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Modern Esoteric Spirituality: World Spirituality: An Encyclopedic History of the Religious Quest.

"Listen," wrote Hildegard of Bingen, "there was once a king sitting on his throne. Around him stood great and wonderfully beautiful columns ornamented with ivory, bearing banners of the king with great honor. Then it pleased the king to raise a small feather from the ground and he commanded it to fly. The feather flew, not because of anything in itself but because the air bore it along. Thus am I...." And thus did Hildegard, 12th-century mystic, poet, naturalist, composer and visionary describe herself and the essence of esoteric spirituality.

Most NCR readers are probably more acquainted with esoteric spirituality than they might think. Any background in liberal arts would make one at least vaguely familiar with Dante, Chaucer, the Arthurian legends, Freemasonry, Rosicrucianism, Cabala, the New England transcendentalists, Paracelsus, Rudolph Steiner and Carl Jung. However diverse the above names and movements, all express elements of esotericism and contribute something to its thrust.

Antoine Faivre, Jacob Needleman and Karen Voss have edited the 21st volume of an encyclopedic series that "seeks to present the spiritual wisdom of the human race in its historical unfolding... from prehistoric times to the meeting of traditions at the present." Some 500 scholars have been working on the project, 13 of whom contributed to this volume, some in translation.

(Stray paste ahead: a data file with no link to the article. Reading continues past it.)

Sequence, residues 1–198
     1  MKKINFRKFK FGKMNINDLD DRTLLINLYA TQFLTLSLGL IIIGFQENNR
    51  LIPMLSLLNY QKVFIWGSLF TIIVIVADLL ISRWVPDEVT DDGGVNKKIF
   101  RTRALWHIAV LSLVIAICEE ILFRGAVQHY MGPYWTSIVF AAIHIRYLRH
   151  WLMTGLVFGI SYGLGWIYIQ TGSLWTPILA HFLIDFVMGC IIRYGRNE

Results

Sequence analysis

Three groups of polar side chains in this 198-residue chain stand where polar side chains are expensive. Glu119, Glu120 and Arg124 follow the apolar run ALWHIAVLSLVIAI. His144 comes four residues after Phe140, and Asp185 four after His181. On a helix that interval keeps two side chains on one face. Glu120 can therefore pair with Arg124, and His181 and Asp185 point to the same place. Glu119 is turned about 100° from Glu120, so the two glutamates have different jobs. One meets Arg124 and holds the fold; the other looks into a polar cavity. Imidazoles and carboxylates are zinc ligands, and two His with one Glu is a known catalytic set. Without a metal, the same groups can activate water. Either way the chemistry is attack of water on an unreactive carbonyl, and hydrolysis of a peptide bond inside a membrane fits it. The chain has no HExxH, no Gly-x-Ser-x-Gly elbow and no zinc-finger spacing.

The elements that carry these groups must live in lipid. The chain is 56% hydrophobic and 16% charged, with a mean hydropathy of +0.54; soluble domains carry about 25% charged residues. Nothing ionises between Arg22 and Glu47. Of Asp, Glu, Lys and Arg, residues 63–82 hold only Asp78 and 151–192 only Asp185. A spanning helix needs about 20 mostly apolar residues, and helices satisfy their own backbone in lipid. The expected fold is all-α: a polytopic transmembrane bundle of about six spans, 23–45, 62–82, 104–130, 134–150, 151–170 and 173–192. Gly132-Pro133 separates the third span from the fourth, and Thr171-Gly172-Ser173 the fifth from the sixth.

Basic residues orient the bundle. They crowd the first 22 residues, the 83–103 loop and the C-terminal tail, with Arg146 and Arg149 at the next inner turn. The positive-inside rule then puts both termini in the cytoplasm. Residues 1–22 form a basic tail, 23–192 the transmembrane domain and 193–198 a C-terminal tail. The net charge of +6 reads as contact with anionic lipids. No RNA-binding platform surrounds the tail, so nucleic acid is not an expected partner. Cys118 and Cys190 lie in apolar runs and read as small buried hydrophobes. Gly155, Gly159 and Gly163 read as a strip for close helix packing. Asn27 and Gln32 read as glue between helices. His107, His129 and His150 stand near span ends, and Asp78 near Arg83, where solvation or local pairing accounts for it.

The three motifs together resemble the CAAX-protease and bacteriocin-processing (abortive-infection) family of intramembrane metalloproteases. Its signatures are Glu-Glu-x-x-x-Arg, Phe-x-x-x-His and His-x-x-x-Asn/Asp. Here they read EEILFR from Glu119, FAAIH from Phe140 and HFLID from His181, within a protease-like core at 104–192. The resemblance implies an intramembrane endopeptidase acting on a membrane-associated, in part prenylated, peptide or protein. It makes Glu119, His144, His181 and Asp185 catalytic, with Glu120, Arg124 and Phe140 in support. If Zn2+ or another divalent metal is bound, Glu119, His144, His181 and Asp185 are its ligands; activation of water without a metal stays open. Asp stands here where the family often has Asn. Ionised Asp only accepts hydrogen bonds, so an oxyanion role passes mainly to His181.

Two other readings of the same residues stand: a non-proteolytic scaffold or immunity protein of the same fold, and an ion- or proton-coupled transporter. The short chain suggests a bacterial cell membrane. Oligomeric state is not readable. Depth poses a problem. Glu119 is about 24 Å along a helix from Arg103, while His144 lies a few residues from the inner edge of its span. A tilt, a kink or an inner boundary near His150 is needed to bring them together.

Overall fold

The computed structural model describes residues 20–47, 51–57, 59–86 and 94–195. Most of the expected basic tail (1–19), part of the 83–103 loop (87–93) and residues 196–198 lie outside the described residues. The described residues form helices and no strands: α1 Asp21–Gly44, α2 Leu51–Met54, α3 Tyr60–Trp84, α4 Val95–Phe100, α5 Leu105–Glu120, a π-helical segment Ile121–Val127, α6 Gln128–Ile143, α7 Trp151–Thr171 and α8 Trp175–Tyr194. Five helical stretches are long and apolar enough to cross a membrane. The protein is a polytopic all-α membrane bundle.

The book, by and large in chronological order, examines modern esotericism -- that is from 1500 on -- but begins with an overview of its various expressions that include Hildegard of Bingen and the mythic Hermes Trismegistis, legendary author of works on alchemy and magic. "Hermeticism" thus refers not only to the works attributed to Hermes Trismegistis, but to the whole body of literature inspired by those works, as well as other aspects of Western esotericism, such as alchemy and astrology.

Alchemy never has claimed to be a religion or even a great tradition, but like magic, whose object is to make the hidden known, it acts as mediator between the realms of matter and spirit by reaffirming the relationship of one to the other. In fact, in his introduction to this volume, Needleman asserts that the presence within the human person that attempts to reconcile the outer and inner worlds is what is authentically termed "esoteric."